Snow, salt-covered cars and school closings in February. What's up with that?
The Mid-Atlantic region and perhaps much of the country became so accustomed to unseasonably balmy weather since autumn formally departed that winter's sudden arrival comes as a shock. Hasn't been this cold since 2004!
Fahrenheit readings in the single digits doubtless inspire all the more shivers because residents of this region have not been conditioned by steadily declining temperatures. The mercury hit 70 degrees just last month. There's been no chance to train for the cold weather before it appeared.
With unpredictability expected to become more, well, predictable as global climate change makes itself felt, weather extremes might be easier to weather if steps were taken to be better prepared.
Cold, of course, is a relative thing. Hallock, Minn., registered a temperature of 27 below zero yesterday about a month after humorist Garrison Keillor lamented that the state was so warm and snow-free that Minnesotans might have to move to Canada to feel at home. But whether the temperature is single or double digits above or below zero, the response seems largely a matter of practice.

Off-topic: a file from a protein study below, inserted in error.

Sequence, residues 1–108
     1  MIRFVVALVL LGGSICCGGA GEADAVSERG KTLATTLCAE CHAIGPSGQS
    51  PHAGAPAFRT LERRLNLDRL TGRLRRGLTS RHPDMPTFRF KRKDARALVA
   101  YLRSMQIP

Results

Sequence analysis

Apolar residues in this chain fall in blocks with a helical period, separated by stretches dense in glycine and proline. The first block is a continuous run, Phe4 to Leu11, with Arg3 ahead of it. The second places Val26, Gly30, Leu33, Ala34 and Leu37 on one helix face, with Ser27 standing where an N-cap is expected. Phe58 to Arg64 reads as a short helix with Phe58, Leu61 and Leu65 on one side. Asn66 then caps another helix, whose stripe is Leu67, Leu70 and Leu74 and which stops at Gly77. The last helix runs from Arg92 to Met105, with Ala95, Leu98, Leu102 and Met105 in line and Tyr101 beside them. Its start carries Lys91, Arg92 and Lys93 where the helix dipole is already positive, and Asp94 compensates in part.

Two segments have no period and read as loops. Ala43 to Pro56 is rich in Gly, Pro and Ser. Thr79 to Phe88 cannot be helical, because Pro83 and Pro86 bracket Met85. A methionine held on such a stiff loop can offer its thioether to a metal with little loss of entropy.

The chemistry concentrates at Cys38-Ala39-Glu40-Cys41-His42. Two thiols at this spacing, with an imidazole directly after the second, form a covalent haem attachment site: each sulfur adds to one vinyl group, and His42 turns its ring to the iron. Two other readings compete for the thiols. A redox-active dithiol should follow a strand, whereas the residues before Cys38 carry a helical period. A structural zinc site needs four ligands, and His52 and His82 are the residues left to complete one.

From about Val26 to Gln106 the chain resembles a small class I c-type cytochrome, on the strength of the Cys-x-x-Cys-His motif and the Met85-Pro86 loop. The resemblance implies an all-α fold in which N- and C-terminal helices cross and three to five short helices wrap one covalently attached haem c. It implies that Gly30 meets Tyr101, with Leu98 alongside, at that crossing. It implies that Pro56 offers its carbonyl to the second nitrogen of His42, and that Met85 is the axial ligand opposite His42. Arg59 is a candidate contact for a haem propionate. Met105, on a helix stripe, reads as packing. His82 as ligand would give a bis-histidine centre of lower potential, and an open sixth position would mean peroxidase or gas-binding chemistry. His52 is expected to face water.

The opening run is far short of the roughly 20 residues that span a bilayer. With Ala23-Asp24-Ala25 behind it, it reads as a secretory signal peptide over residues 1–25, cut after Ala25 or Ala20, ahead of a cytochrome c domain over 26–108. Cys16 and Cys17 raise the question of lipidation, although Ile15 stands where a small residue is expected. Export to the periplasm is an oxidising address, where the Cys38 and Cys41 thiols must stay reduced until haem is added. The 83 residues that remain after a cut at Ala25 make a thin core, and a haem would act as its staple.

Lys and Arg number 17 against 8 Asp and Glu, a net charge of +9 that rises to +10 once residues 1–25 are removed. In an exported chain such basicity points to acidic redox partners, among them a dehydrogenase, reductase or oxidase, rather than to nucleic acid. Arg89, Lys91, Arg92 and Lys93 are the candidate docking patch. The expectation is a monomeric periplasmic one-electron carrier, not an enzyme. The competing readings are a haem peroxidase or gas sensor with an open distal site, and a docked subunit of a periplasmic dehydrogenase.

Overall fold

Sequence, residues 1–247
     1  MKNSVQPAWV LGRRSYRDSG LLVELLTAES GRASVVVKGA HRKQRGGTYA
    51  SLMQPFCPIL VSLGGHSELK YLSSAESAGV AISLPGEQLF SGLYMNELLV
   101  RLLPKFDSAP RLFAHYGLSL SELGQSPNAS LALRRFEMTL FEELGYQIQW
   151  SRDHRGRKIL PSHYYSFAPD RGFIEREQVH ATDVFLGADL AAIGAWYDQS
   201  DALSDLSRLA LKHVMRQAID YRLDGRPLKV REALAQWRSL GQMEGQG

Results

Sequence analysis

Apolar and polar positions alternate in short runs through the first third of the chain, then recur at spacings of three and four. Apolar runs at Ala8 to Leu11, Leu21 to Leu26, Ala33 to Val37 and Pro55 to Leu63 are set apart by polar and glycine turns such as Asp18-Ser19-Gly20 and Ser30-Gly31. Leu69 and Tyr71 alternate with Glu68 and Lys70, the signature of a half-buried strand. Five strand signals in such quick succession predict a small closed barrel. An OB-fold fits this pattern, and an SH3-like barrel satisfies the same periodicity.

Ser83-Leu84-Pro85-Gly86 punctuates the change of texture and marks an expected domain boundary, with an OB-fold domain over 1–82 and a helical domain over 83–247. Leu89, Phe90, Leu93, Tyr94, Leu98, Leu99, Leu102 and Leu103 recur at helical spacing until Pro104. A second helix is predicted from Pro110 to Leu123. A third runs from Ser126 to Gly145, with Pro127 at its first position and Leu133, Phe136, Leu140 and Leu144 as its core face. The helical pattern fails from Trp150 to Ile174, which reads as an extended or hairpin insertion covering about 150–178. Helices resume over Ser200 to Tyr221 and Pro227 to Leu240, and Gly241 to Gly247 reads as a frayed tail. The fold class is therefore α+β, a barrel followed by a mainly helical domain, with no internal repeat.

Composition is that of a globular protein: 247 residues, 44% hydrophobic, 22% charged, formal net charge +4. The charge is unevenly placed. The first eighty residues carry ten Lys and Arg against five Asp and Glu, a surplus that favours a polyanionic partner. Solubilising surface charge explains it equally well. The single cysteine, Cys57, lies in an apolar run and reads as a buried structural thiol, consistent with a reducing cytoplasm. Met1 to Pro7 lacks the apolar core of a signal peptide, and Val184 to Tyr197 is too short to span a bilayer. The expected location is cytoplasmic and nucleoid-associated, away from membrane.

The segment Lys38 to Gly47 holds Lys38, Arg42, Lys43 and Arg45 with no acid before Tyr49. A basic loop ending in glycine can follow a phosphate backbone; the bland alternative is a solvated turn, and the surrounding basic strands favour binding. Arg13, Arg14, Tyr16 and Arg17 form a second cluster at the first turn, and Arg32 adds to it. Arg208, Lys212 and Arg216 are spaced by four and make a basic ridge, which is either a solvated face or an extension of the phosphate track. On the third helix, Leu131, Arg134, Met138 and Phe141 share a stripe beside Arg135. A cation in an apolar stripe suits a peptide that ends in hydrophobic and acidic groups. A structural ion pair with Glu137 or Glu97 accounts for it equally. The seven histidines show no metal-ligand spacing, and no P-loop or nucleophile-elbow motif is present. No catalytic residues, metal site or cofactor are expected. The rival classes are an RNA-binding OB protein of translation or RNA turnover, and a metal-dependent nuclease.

In Oswego, N.Y., where shoulder-high lake-effect snows are no big deal, a 5-foot accumulation over two days didn't even close all the schools yesterday. Yet an inch or so dusting of snow so dry and fluffy it could be brushed away with a broom shut Baltimore classrooms as tightly as a blizzard for the first time this year.
Global warming admittedly can be quite pleasant when it takes the bitter chill out of winter. But nothing can be taken for granted. The frequently puckish forces of nature aren't about to give up their capacity for surprise.